Apple sued for alleged false display size and pixel count on iPhone X, iPhone XS and iPhone XS Max

By Digit NewsDesk | Published on 16 Dec 2018
Apple sued for alleged false display size and pixel count on iPhone X, iPhone XS and iPhone XS Max
HIGHLIGHTS

The Plaintiff alleged that Apple has misled consumers by making statements regarding the display that are not true

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A lawsuit has been filed against Apple in the US District Court of Northern California by Plaintiffs who have accused Apple of misleading consumers with regards to the display on the iPhone X, iPhone XS and the iPhone XS Max. The plaintiffs claim that Apple’s display hardware does not match the specifications the company advertises.

The complaints centre around the curvature of the display, its impact on the total number of pixels and the overall pixel density of the display. You can read the entire complaint here, which lists the various infractions in great detail. Some of the key takeaways from the document are listed below.

  • The iPhone X advertises a resolution of 2436 x 1125 pixels, which is technically not correct since the notch and rounded corners take up about 120 vertical pixels away from the advertised resolution.

  • The widest rectangular screen area usable by applications on the iPhone X is about 2195 x 1125 pixels, or about 10 percent less than the advertised 2436 x 1125 pixels.

  • The display size is falsely advertised as being 5.8 inches, while it is actually around 5.6875 inches. Each corner cuts the diagonal by about 1/16 of an inch.
  • Most of Apple's marketing materials, renders, choice of wallpapers and angles are purposefully designed to hide the notch, making the front feel like all-screen which is the new iPhones are not.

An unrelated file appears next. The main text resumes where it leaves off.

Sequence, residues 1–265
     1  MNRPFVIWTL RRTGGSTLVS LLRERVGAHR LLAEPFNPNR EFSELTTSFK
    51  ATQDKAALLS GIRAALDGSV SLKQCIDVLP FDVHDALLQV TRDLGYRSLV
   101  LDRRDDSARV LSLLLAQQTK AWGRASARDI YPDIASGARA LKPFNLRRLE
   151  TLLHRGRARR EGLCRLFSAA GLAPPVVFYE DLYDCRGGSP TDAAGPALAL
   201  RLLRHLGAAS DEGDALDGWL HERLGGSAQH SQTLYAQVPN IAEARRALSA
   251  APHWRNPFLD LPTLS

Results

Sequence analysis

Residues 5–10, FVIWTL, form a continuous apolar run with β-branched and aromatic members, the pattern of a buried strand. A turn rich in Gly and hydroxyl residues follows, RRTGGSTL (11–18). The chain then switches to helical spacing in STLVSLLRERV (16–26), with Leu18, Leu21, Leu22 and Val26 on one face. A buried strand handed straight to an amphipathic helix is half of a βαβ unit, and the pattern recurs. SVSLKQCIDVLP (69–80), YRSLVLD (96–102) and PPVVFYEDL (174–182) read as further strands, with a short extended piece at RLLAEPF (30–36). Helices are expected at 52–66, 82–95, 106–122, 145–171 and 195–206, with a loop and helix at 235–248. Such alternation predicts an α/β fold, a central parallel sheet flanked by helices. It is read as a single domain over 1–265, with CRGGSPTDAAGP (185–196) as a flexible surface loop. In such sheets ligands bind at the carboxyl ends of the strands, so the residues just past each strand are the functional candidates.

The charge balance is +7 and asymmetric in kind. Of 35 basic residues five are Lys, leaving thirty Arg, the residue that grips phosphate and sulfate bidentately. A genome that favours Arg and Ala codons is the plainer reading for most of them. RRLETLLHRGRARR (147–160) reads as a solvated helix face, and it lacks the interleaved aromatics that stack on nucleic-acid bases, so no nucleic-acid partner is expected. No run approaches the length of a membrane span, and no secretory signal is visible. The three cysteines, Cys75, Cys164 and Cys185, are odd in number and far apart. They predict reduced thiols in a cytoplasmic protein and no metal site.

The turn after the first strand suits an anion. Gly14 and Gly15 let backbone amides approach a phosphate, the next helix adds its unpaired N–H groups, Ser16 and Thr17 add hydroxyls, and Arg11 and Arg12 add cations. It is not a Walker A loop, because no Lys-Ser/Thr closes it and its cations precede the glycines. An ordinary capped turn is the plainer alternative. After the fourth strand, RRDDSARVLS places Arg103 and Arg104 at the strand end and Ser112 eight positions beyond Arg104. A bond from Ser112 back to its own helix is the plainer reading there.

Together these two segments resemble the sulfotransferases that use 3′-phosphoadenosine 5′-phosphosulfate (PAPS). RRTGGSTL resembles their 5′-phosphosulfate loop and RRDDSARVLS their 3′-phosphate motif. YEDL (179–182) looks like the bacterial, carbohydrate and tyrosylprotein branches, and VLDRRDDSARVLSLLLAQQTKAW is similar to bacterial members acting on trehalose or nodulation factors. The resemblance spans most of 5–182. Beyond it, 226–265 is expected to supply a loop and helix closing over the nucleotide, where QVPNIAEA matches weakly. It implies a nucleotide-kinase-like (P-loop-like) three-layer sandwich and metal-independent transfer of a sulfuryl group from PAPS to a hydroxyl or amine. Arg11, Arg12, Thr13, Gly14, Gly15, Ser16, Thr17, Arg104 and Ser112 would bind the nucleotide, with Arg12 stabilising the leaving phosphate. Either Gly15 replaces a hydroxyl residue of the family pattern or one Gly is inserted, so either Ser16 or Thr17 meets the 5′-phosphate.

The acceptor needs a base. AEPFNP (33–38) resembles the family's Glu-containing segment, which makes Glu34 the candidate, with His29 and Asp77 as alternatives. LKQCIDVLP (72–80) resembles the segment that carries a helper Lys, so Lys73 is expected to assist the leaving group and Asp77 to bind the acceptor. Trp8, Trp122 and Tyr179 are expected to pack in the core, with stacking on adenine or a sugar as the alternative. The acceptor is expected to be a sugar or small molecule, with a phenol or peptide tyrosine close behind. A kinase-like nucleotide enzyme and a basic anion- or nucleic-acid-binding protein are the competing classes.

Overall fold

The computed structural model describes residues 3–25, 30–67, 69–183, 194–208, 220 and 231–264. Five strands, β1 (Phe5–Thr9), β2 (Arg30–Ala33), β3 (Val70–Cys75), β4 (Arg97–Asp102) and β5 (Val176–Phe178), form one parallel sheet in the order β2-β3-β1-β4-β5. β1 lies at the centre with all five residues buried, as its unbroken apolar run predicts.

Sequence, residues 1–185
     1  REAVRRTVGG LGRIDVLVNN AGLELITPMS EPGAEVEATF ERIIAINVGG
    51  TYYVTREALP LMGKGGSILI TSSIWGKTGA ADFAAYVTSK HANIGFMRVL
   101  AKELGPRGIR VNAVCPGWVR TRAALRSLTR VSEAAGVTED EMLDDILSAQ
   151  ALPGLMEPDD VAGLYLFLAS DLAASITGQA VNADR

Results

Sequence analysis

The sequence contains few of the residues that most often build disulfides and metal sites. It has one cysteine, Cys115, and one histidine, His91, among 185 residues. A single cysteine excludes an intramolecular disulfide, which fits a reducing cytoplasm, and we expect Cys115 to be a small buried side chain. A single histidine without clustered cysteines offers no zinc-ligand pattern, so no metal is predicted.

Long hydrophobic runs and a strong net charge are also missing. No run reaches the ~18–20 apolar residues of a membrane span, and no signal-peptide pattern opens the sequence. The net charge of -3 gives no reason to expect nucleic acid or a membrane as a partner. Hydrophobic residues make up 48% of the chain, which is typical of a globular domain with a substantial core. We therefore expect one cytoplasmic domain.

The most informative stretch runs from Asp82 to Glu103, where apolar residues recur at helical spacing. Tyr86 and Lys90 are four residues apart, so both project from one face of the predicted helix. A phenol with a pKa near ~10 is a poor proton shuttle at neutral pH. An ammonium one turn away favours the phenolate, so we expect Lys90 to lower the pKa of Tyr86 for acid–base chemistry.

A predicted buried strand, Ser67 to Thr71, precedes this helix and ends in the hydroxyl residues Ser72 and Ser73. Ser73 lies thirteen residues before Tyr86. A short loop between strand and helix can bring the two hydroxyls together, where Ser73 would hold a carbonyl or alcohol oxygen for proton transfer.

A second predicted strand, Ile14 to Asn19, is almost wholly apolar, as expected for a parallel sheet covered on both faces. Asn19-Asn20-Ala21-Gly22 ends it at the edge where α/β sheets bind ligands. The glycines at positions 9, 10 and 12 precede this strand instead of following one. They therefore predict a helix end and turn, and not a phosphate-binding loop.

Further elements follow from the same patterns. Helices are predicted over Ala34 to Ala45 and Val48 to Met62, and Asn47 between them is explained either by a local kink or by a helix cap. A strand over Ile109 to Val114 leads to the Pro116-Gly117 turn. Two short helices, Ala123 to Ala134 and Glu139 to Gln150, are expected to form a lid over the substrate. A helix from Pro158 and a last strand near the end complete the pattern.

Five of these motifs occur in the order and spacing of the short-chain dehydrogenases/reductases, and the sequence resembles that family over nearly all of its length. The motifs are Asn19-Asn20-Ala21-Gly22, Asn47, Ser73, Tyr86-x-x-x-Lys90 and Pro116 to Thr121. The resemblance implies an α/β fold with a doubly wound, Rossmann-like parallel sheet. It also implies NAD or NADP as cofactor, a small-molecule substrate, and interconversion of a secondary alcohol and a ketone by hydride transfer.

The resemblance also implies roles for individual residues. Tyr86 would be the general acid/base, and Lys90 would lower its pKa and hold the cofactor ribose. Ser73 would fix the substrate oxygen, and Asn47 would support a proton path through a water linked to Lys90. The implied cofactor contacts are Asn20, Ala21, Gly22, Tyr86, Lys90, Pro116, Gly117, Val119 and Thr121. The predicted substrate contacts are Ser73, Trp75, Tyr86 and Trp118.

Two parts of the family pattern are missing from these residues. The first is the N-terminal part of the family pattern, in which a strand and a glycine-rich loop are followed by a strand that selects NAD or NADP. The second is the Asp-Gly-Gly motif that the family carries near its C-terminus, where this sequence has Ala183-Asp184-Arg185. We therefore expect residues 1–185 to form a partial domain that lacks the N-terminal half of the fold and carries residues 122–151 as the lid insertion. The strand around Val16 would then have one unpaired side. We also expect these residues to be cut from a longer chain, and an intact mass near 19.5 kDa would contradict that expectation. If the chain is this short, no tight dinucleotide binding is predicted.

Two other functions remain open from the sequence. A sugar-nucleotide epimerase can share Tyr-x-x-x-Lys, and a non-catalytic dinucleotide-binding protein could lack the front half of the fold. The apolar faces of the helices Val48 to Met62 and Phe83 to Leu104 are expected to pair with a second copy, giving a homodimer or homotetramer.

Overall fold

• The iPhone X display is falsely advertised as being higher resolution than the one on the iPhone 8 Plus, which is not true on a sub-pixel level, since OLED pixels are "false" pixels and only have two sub-pixels, compared to three on the iPhone 8 Plus' LCD. Which works out to 5,481,000 sub-pixels on the iPhone X, compared to 6,220,800 on the iPhone 8 Plus. And that is before taking into account the wrong display resolution.

Some of the complaints listed in the filings seem to overlook the basic tenets of OLED displays, but certain complaints could hold weight. For example, Apple’s use of angles and black wallpapers in all its promotional material to give the impression of the iPhone X (XS and XS Max) as having an all-display front could hold some weight. Additionally, the bits about the maximum rectangular area available to an app could also spell some trouble for Apple.

Apple isn’t a stranger to lawsuits, credible or frivolous. This new one around the display is just another one for Apple, and regardless of how we may feel about the claims listed in the lawsuit, it would be interesting to see how the courts rule on this one.

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